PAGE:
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Fictional entities

DOI: 10.4324/9780415249126-M021-2
Version: v2,  Published online: 2011
Retrieved June 22, 2024, from

Article Summary

By ‘fictional entities’, philosophers principally mean those entities originating in and defined by myths, legends, fairy tales, novels, dramas and other works of fiction. In this sense unicorns, centaurs, Pegasus, the Time Machine and Sherlock Holmes are all fictional entities.

A somewhat different category of fictional entities is associated with empiricist philosophy. It includes entities apparently assumed by common discourse but which admit of no direct empirical experience. Thus Jeremy Bentham classified as ‘fictitious entities’ motion, relation, power and matter, as well as, notoriously, rights, obligations and duties. David Hume called substance, the self, even space and time ‘fictions’ and Bertrand Russell thought ordinary things, such as Piccadilly or Socrates, were fictions, on the grounds that they are ‘constructed’ out of simpler, more immediate objects of acquaintance.

Philosophical interest in fictional entities thus covers a surprisingly wide area of the subject, including ontology and metaphysics, epistemology, logic, philosophy of language, and aesthetics. The first question that arises is how the distinction should be drawn between fictional and nonfictional entities. As the examples from Bentham, Hume and Russell show, this is by no means a straightforward matter. The next question concerns what to do with fictional entities once they have been identified. Here the primary philosophical task has been to try to accommodate two powerful yet apparently conflicting intuitions: on the one hand, the intuition that there are no such things as fictional entities, so that any seeming reference to them must be explained away; on the other hand, the intuition that because ‘things’ like Sherlock Holmes and Anna Karenina are so vividly drawn, so seemingly ‘real’, objects of thoughts and emotions, they must after all have some kind of reality. Broadly speaking, we can discern two kinds of philosophical approach: the first or ‘realist’ kind inclines towards the latter intuition, being in different ways hospitable to fictional entities; and the less hospitable or ‘eliminativist’ kind, which inclines towards the former and seeks only to show how fictional entities can be eliminated altogether in the strict regime of rational discourse.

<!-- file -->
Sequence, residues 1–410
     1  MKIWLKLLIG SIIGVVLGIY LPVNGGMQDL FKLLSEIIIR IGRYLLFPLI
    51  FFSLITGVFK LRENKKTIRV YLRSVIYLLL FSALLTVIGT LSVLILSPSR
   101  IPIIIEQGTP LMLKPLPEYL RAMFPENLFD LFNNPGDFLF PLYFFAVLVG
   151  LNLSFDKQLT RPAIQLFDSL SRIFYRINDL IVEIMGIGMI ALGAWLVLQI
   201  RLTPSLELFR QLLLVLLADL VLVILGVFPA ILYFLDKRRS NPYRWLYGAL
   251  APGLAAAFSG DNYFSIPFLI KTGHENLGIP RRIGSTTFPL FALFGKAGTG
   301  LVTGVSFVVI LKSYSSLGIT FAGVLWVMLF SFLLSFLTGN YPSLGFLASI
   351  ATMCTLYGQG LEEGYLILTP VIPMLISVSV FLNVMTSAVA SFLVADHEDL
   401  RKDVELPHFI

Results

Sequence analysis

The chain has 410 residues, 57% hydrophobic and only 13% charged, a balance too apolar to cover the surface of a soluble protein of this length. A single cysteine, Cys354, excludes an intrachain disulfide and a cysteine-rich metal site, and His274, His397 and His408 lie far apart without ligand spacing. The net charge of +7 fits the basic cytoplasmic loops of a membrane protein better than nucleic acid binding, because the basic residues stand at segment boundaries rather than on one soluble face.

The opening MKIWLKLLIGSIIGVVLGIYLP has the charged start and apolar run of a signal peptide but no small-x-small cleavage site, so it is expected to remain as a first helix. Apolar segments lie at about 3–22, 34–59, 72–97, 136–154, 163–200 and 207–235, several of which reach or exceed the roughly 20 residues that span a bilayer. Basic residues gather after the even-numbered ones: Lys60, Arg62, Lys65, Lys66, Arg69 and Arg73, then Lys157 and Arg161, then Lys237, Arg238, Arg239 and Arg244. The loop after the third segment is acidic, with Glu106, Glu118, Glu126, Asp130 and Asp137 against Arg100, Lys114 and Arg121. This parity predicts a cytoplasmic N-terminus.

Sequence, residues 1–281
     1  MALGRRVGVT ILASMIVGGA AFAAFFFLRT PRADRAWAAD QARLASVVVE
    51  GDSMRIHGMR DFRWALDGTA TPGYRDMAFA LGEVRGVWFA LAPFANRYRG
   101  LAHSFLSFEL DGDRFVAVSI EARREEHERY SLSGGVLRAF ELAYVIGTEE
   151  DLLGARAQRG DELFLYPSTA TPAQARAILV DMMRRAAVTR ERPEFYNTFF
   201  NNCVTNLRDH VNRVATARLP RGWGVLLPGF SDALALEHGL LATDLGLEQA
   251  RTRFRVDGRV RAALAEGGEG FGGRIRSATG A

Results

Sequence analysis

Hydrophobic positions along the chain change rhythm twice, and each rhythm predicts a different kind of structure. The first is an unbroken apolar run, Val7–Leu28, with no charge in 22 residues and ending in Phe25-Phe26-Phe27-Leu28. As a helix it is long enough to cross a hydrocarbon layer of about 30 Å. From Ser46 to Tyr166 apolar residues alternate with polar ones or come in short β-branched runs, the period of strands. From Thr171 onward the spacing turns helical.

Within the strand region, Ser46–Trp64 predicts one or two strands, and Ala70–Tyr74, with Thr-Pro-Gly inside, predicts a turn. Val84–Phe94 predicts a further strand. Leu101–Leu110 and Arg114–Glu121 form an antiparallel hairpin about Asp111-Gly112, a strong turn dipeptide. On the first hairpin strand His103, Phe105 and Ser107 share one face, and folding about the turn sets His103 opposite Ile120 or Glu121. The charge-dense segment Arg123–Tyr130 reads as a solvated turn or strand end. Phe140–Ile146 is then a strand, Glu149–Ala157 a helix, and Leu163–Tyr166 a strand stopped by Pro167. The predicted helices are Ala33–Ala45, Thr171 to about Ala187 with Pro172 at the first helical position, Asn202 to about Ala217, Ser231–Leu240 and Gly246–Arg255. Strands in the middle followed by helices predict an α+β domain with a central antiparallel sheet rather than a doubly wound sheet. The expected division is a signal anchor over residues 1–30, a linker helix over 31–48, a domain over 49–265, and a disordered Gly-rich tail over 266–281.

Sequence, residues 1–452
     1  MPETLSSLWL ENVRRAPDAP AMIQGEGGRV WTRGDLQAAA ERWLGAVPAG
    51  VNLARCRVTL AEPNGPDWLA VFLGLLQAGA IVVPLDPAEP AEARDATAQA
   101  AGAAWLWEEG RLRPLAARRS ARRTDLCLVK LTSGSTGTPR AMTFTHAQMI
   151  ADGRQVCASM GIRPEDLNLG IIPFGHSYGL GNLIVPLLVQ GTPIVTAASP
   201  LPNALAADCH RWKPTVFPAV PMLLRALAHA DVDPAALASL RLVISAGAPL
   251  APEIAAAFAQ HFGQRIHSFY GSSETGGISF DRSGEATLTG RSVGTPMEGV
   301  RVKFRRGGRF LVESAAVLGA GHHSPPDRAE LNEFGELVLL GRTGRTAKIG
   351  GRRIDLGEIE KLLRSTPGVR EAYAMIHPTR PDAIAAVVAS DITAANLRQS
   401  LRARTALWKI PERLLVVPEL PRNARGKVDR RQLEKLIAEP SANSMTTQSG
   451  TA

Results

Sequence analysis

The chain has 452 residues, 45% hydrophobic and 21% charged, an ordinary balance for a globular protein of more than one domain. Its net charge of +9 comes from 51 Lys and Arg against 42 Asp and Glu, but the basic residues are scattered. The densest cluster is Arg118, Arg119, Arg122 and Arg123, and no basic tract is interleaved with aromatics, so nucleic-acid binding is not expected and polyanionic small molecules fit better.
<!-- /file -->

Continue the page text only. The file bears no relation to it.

Citing this article:
Lamarque, Peter. Fictional entities, 2011, doi:10.4324/9780415249126-M021-2. Routledge Encyclopedia of Philosophy, Taylor and Francis,
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